Analysts on the business of media at CMDC

Drew McReynolds from RBC and Paul Steep from Scotiabank on making better digital advertising and how social media can be monetized.
McReynolds

The morning talks at yesterday’s CMDC conference included a session on how investors view the Canadian media landscape from financial analysts Drew McReynolds (pictured), managing director, global research, telecommunications and media, RBC Capital Markets and Paul Steep, analyst, Scotiabank Global Banking and Markets, Research Division.

Both McReynolds and Steep stressed the concerns investors have about the trading off of traditional media for digital, which brings in much less money than other mediums. McReynolds said the public markets are also concerned because the digital models have yet to be proven in terms of  pricing power.

Steep said in his mind the next big things in digital advertising are the emergence of more native advertising, like advertorials or sponsored content, which are more likely to be noticed by consumers than banner or big box ads. He also noted the emerging rise of commerce-driven advertising, such as pop-up shops from traditionally digital companies like eBay to get physically closer to consumers.

Moving from digital into mobile, Steep said 2015 will be the year more consumers view internet content on mobile devices than their computers. McReynolds says that while mobile advertising is still not significant in terms of the dollars it brings in, there are opportunities to be had on the platform, with the challenge being how to incentivize consumers to embrace merchant interactions while also getting merchants to minimize intrusion and maximizing ROI.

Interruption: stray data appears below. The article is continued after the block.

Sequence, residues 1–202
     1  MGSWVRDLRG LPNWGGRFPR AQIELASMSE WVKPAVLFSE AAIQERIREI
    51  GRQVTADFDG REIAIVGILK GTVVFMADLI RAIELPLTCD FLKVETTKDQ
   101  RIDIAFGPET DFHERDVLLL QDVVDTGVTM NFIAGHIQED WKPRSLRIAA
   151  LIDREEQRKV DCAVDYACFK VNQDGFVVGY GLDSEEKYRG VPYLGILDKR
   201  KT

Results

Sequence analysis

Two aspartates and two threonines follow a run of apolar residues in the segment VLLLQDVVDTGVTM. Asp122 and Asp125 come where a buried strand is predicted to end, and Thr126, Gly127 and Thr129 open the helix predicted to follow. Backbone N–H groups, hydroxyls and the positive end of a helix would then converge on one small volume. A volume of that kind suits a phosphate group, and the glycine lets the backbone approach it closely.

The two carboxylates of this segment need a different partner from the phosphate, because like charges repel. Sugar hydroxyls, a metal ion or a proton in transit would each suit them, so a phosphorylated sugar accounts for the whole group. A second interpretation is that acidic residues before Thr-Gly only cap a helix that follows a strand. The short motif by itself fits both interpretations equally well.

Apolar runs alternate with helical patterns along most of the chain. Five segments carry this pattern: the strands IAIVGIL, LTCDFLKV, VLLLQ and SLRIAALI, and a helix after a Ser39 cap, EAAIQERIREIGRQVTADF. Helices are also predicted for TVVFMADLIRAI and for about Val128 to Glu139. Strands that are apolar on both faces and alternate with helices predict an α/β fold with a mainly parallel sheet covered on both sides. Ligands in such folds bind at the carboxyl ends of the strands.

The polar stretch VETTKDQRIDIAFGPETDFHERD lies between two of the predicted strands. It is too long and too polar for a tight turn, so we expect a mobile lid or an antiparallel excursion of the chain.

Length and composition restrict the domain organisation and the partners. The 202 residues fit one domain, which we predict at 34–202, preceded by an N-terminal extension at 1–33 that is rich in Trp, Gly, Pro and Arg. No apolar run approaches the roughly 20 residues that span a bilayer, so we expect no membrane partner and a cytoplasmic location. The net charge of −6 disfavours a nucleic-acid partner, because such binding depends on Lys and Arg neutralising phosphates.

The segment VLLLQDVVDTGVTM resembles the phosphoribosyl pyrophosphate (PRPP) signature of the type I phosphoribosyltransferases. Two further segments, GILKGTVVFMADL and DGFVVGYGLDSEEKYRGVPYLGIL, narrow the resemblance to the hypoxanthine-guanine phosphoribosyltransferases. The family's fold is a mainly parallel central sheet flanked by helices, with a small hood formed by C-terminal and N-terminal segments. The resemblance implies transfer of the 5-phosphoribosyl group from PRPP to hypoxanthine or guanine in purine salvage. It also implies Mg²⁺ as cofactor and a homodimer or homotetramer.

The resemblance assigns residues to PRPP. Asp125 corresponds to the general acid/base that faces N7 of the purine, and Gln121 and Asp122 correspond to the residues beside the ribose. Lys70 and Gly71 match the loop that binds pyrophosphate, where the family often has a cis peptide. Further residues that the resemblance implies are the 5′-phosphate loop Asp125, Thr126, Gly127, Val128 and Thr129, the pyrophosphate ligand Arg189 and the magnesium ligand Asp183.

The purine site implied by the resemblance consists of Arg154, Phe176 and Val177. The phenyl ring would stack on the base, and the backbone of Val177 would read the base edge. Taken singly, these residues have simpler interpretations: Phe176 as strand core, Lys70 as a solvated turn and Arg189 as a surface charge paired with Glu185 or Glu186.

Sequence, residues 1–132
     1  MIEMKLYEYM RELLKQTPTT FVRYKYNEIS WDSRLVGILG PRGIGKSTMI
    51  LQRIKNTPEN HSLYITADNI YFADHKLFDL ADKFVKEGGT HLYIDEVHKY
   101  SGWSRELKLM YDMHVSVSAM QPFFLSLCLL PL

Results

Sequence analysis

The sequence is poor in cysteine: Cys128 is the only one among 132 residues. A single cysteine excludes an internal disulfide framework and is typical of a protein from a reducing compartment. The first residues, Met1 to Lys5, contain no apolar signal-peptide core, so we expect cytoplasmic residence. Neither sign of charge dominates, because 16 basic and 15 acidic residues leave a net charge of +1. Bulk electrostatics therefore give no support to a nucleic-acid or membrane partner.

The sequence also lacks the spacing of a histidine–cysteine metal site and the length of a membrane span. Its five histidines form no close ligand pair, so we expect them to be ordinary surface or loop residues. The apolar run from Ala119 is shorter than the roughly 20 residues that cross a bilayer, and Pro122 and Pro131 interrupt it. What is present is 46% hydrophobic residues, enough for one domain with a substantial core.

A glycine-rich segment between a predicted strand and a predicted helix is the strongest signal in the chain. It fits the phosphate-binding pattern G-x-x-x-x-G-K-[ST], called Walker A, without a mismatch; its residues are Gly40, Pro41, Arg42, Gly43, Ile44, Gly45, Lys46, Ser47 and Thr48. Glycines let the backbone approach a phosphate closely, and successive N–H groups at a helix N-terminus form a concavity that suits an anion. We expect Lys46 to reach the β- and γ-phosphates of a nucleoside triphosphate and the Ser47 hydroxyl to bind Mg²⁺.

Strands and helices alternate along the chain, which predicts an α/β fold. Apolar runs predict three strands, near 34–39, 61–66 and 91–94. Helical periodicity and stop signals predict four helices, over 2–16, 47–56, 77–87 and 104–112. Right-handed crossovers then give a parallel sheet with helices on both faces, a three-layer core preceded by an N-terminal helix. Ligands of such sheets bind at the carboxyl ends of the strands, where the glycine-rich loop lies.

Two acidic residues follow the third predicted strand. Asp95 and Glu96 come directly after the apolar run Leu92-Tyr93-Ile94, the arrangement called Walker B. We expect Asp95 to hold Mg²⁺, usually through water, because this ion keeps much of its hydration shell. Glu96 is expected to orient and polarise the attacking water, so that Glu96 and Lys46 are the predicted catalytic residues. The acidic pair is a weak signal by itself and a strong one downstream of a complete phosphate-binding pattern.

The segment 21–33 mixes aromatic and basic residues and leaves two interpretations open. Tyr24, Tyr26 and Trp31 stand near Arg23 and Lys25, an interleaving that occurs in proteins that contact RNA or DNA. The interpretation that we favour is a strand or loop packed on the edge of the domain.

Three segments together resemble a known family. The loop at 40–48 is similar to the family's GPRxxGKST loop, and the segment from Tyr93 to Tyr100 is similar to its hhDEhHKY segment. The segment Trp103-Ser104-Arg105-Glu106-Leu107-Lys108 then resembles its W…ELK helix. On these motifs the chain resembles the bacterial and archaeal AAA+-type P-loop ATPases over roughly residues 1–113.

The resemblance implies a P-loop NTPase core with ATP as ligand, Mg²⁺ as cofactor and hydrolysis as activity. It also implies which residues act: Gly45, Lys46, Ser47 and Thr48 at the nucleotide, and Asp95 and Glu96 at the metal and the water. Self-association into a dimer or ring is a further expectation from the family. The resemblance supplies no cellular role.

As yesterday’s hacked Associated Press tweet about explosions hitting the White House resulting in a immediate and deep dip in the DOW proved, analysts are paying close attention to social media. But, how do they view it as part of the media mix? McReynolds says while social media is attracting large amounts of capital (Facebook is currently valued at $65 billion, which is four times more than the entire Canadian media landscape combined), there are still questions around the longevity of the medium at this pace.

McReynolds spoke specifically about Facebook, saying the main questions the platform needs to answer are: how can they provide monetization options without putting off users? How long will users stay engaged with the platform overall before becoming fatigued? And how long will the equation of personal information for network access hold up? He said the platform is essentially in a race to deliver relevance to consumers while increasing monetization options.